In May of this year the Department of Communications, Energy and Natural Resources (“DCENR”) launched the “Green Paper on Energy Policy in Ireland” and invited submissions. Apparently 1,200 submissions were received, which is a very impressive number and confirms the high level of public interest and concern at the proliferation of wind farms and the pylons that will be needed to carry the power produced by these wind farms. These submissions can be viewed at:
Minister Alex White boldly announced that “It is ‘Our Energy Policy Paper’ because Energy Policy is first and foremost about people…”. One could imagine that for there to be a proper consultation exercise to properly consider these submissions, there would be a host of seminars in different centres around the country and, at the very least, that there would be 1,200 invitations sent out inviting those citizens who were interested enough to make a submission to attend a seminar in their area.
Not so. There will be one seminar at the Gibson Hotel at 2.00 pm on Tuesday 21st October. According to the invitation from the DCENR it will be “a workshop to consider the Priority 3 issues in the Green Paper and the submissions received during the public consultation period”.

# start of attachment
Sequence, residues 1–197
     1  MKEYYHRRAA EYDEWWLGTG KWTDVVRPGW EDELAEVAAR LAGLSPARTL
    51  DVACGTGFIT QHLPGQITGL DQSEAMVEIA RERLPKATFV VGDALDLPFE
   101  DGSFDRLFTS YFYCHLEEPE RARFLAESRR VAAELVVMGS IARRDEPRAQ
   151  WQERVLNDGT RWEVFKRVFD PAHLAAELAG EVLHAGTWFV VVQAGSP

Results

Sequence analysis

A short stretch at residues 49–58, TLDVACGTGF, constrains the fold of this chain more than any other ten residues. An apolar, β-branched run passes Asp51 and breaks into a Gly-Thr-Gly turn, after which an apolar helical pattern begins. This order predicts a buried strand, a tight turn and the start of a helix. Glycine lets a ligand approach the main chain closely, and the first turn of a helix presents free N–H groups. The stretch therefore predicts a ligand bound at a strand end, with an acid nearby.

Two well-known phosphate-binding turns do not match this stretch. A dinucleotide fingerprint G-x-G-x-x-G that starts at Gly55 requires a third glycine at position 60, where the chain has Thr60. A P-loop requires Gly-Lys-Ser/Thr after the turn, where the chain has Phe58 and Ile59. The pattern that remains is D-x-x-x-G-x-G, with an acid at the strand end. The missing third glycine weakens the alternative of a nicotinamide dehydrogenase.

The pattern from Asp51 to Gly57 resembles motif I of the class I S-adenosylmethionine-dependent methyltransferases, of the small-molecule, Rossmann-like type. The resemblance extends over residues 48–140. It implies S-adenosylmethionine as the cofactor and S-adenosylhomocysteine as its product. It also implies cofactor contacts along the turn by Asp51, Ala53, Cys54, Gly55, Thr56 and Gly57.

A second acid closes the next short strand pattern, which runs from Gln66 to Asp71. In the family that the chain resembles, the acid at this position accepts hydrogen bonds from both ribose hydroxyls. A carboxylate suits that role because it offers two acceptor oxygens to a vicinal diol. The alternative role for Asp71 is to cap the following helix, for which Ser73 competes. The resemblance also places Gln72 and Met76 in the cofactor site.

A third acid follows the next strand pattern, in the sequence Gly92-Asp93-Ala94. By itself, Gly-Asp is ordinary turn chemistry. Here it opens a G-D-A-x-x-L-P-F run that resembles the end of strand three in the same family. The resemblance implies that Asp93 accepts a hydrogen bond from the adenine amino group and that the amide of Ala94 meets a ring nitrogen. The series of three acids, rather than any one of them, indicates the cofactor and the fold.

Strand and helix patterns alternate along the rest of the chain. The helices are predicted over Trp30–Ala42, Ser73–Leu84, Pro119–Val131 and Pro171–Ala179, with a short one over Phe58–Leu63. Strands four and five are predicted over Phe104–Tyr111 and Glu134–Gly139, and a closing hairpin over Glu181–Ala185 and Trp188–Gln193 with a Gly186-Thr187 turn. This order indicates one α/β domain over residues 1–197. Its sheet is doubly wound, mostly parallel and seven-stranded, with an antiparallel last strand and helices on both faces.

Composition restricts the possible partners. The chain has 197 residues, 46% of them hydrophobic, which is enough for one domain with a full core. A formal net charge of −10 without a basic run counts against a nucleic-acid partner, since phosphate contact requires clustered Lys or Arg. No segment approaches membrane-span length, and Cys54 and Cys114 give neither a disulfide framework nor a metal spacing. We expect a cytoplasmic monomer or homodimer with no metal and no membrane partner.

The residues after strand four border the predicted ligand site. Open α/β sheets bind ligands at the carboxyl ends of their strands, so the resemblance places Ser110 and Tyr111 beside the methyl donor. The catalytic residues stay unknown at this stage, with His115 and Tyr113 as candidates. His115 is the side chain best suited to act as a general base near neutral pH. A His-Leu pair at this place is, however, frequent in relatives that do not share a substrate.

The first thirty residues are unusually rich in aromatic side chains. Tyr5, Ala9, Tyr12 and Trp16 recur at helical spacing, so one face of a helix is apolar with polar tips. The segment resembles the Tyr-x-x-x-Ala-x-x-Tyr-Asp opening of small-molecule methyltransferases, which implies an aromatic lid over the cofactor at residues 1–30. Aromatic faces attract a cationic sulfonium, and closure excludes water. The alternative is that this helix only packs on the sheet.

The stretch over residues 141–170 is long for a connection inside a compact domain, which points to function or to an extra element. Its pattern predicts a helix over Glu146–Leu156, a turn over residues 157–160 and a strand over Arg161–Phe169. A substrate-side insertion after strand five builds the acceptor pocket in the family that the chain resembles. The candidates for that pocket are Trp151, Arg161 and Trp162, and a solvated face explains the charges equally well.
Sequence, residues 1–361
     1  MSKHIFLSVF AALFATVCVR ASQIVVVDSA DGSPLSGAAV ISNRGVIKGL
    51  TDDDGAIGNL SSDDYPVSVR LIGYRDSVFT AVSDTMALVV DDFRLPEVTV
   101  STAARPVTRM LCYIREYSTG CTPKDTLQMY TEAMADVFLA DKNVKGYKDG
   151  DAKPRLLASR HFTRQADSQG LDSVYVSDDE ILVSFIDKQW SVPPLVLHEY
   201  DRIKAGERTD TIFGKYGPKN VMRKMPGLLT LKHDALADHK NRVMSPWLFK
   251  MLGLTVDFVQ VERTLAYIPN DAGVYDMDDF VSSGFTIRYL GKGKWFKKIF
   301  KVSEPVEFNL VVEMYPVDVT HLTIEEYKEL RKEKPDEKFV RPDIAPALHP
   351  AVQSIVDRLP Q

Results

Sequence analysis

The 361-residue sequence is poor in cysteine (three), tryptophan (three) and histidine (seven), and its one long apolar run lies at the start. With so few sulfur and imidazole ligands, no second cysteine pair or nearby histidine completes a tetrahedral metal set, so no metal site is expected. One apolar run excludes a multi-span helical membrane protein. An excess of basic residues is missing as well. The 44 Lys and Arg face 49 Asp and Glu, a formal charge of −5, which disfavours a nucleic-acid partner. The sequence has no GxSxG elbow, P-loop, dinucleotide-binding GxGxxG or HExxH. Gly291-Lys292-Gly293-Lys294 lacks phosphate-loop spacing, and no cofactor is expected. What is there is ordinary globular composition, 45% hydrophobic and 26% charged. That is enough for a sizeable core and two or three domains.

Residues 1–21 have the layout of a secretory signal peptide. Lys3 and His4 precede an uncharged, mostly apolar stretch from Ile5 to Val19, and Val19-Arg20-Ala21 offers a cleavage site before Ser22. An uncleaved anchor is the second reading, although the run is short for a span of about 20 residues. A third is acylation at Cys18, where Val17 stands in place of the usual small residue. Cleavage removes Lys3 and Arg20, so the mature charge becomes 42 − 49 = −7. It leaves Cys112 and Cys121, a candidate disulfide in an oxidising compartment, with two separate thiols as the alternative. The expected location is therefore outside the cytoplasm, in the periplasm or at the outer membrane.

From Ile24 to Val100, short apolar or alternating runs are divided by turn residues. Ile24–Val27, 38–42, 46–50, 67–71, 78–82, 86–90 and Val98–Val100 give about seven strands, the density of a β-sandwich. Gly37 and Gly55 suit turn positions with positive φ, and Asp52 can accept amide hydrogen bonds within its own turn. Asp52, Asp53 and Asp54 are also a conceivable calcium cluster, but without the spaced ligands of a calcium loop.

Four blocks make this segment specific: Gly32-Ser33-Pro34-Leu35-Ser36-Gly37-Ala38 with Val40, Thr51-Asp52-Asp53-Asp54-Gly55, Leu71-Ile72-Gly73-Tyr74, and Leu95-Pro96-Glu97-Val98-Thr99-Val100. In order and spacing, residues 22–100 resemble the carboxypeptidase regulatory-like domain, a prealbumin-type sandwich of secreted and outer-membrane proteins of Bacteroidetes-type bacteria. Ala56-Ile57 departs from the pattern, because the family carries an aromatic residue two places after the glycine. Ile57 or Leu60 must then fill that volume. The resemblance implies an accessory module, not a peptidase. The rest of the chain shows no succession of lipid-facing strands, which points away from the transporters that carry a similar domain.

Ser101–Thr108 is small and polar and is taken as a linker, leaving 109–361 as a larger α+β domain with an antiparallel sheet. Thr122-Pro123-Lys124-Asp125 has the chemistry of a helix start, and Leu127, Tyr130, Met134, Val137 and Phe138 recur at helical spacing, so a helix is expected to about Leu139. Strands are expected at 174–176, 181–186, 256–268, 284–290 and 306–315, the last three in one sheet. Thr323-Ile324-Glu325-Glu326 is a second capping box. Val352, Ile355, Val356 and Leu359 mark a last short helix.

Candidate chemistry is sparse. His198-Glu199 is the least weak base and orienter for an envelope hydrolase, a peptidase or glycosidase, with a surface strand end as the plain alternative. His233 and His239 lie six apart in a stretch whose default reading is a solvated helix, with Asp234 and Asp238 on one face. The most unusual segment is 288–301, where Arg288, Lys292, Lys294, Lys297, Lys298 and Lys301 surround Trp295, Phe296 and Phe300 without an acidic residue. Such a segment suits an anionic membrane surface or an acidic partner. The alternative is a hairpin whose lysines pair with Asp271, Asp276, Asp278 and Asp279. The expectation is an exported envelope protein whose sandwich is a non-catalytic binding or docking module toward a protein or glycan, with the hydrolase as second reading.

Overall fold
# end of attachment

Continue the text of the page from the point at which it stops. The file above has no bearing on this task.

Unless that ‘workshop’ is scheduled to last for three days commencing at 2.00 p.m., how on earth will it manage to discuss Priority 3 issues and 1,200 submissions?
The DCENR has an answer to that: Not all submissions are equal. If you lodged a document that is the same or similar to another submission lodged, your submission is termed “a petition” rather than a submission. I know this because my friend Nigel de Haas of West Cork Wind (www.westcorkwind.com) compiled and submitted an excellent and very comprehensive submission on the Green Paper which must have required a great deal of research and effort to compile. Nigel very generously made this document available on his website so that others could use it as a template with any modifications they might desire. When Nigel contacted the DCENR to enquire why he had not received an invitation to the Priority 2 workshop as he had made a submission, it was clear that his document was being treated as a petition rather than a submission and accordingly he was not on the invitation list. This was despite the fact that his submission can be found on the DCENR’s website with the other submissions.
It gets better. The invitation to the 2.00 p.m. workshop proudly announces that “It is scheduled for that time and place in order to partner with a seminar entitled “Planning for Energy Infrastructure”, which is being organised by EOLAS magazine in the Gibson Hotel on the morning of 21st October, in the expectation that this partnership will facilitate the target audiences for both events.” (my bold). (Details of the seminar can be found at http://www.eolasmagazine.ie).
Clearly the DCENR regard the EOLAS seminar as an integral component of the purported consultation process, as it is partnered with the DCENR afternoon workshop and is taking place in the same venue. The morning seminar is scheduled for four hours whilst I would be surprised if the 2.00 p.m. ‘workshop’ is allowed to run after 4.00 p.m. as everybody knows that is the time that all civil servants turn back into pumpkins.